Published October 29th, 2008
Private Donations Help Offset Cuts in Non-Profit Funding
By Jennifer Wake
Volunteers shown from left to right: Vicky Toth, Carolyn Poetzsch, Wendi Shively, Kathleen Guillaume, Diane Sasser, Martha Ross, Julie Corbin, Dick Corbin Photo Carolyn Bybee

While personal retirement accounts decline in value and financial markets convulse, non-profit organizations must scurry to find funding to keep their doors open and their programs operational.
Youth Homes operates five state-licensed six-bed homes in Lafayette, Concord and Pleasant Hill, including three long-term residential treatment programs and two crisis emergency shelters. It has skirted cuts from the state, so far. But during that same time of flat funding, the organization has seen gas prices, energy costs and healthcare more than double, says Youth Homes Executive Director Stuart McCullough.
With more than 80,000 children in the foster care system in California - 2,000 in Contra Costa County alone - these funds can mean the difference between whether these children go on to pursue meaningful lives or end up on the street.
In the majority of foster care homes and facilities, 40 to 50 percent of kids leave the system - often running away and ending up homeless. An even higher percentage drop out of high school. Youth Homes' success has been markedly different, with 75 to 80 percent of its participants staying on their plan.
The reason?
"We don't quit on our kids," McCullough says. "We don't kick people out."
Youth Homes not only offers a place for these children and teens to call home, they provide family counseling and psychiatric services, chemical abuse treatment and behavioral coaching - and they never give up on a child.
"The majority of children in the foster care system are there due to abuse and profound neglect," McCullough says. By the time a child begins to exhibit behaviors consistent with abuse, it's been several years and the child is severely wounded, McCullough explained.
Typically, if someone is suspected of being abused, they're carefully assessed, but once it's determined there is abuse in the home, the steps to remove a child from that home can be traumatic.
"The next night Dad is arrested, the child is taken away to foster care where they're in a strange home miles away with different food, a new bedroom and a group of complete strangers. The child is physically and culturally yanked from everything they love. Yet, they are the victim," McCullough says. "They have not done anything wrong."
Often, children in foster care exhibit symptoms of Post Traumatic Stress Disorder. "These kids can't self-regulate, acting out with hostility to others. They can be a royal pain and are often thrown out of one foster home after another," McCullough says.
After several years, some get to a place like Youth Homes and begin to get some real treatment for a trauma that may have happened years ago. And while getting these children back to their homes is the priority, all too often kids can't go home because the parent doesn't follow the program - whether it's attending anger management classes or entering a drug or alcohol rehabilitation program - explains McCullough. Additionally, there aren't many of these group homes in the County.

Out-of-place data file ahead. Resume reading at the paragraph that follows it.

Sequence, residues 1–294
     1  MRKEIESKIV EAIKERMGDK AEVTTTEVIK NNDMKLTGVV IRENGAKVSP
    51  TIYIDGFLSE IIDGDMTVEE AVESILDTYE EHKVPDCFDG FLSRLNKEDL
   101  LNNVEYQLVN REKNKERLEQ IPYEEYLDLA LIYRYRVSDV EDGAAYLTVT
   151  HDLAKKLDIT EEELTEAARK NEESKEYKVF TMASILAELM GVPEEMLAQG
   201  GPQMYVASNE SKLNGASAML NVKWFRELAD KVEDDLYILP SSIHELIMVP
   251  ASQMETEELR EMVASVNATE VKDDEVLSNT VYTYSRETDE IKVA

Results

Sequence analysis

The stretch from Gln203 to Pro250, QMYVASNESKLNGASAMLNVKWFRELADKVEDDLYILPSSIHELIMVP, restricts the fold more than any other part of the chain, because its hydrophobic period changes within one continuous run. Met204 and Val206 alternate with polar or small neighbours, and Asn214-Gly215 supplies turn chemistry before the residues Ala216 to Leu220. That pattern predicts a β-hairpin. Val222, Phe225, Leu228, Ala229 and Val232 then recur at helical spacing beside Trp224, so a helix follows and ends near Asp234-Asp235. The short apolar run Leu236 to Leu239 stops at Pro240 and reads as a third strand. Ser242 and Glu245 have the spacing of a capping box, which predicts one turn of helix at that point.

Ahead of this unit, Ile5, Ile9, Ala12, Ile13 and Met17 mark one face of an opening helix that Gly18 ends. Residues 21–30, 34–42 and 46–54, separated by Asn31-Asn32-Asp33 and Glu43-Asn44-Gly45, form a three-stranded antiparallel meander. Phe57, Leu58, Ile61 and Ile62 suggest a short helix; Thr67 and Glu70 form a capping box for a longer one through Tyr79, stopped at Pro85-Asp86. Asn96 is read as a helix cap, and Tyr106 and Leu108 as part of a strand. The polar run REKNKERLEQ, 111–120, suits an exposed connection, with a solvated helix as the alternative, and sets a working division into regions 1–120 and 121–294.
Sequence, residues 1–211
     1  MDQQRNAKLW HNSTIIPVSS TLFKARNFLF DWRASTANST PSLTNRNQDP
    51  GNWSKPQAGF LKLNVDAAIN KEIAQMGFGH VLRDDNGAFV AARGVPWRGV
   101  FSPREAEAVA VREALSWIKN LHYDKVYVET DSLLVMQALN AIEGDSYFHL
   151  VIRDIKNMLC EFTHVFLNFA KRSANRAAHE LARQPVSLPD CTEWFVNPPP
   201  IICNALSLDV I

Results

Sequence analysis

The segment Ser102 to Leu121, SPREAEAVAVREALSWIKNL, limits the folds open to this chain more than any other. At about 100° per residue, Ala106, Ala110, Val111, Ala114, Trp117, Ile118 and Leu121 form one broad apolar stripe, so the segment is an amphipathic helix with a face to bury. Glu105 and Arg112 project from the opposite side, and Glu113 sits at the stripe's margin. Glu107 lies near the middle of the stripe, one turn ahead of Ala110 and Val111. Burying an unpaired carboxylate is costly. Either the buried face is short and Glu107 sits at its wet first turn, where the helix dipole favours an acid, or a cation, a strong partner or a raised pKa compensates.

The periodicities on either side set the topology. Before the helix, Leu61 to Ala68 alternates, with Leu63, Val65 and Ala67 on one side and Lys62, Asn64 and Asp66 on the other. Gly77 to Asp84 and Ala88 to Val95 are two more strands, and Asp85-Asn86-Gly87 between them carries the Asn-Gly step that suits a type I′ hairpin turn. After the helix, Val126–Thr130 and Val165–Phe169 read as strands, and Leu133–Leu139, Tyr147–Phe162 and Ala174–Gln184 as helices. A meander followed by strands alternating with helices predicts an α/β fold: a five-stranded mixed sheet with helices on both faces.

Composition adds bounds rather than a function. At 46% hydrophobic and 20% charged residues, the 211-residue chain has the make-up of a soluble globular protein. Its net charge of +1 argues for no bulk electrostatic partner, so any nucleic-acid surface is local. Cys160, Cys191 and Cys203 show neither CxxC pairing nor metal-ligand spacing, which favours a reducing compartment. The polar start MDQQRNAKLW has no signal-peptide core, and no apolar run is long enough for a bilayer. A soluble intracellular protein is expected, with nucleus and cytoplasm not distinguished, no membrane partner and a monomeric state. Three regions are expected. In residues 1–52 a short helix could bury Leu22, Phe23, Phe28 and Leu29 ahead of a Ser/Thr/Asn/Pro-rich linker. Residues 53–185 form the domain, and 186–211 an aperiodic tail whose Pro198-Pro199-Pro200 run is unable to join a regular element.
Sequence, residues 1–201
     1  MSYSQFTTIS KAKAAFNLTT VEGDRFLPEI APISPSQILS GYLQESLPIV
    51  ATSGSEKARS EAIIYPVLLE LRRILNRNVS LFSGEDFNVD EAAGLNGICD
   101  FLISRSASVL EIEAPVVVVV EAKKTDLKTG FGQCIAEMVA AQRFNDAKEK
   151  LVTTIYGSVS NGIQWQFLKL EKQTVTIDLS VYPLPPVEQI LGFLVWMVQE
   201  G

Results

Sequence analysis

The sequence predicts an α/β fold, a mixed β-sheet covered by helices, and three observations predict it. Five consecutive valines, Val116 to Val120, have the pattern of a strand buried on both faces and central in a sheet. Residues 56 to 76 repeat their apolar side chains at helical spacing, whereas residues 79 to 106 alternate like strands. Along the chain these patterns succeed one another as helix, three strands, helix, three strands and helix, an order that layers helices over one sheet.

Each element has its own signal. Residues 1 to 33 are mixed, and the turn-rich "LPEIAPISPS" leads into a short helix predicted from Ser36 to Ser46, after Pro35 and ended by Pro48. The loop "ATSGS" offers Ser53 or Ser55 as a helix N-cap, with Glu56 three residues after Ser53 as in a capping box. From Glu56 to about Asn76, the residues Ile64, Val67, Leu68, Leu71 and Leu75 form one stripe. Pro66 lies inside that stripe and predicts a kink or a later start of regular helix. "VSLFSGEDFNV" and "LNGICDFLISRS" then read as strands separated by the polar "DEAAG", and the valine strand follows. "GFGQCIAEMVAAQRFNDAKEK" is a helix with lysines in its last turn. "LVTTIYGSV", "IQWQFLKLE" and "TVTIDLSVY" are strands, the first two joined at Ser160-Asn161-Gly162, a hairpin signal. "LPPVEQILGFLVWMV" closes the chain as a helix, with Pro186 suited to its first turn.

"We try to step in to be the parent," McCullough says. "We support them significantly. We try to support this child as he or she matures into young adulthood. After they turn 18, we often have kids come back to join us for Thanksgiving dinner because there's no place for them to go."
In 2007, Youth Homes started an AfterCare Program for those who have "aged out" of the foster care system. The AfterCare Program provides therapeutic services, ongoing counseling and financial help for those aged 17 to 22 - services typically cut once a child turns 18.
Unfortunately, all of these programs require money, and current economic conditions are hitting non-profits hard. "Youth Homes, like any non-profit, is focusing on private fund donations," McCullough says. "It's highly competitive and a stressful time. In 2009-10, the state budget's smoke and mirrors will come to roost. Property taxes will decline, and income taxes are going to decline as people are laid off."
Fortunately, McCullough says the support he's received from his board members, community outreach efforts and, specifically, the Lamorinda Community has been phenomenal. "Our board personally raised $50,000 and challenged the community, which responded in kind with four to one donations," McCullough says. "I could not ask for a more skilled or better board."
Last month, Youth Homes received a first-time grant of $70,000 from the HEDCO Foundation for the purchase of three eight-passenger vans to be used to transport Youth Homes children to school, doctor's appointments, counseling and other activities, and the Lafayette Juniors recently named Youth Homes as its recipient for the group's annual November Rummage Sale and its Kitchen Tour in the spring. Other Lamorinda organizations including the Lafayette Garden Club and the Lafayette Chamber have provided volunteer support and resources.
"Unlike most children born into a loving home, these kids were not so lucky - through no fault of their own," says Nedda Janatpour of Youth Homes. "It is with the support of the community that we can show them that people do care about them."
"We've been blessed by the Lamorinda area," McCullough added. "It's been a life-saver, to be perfectly honest."
For more information about Youth Homes, you can visit its Web site at www.youthhomes.org.


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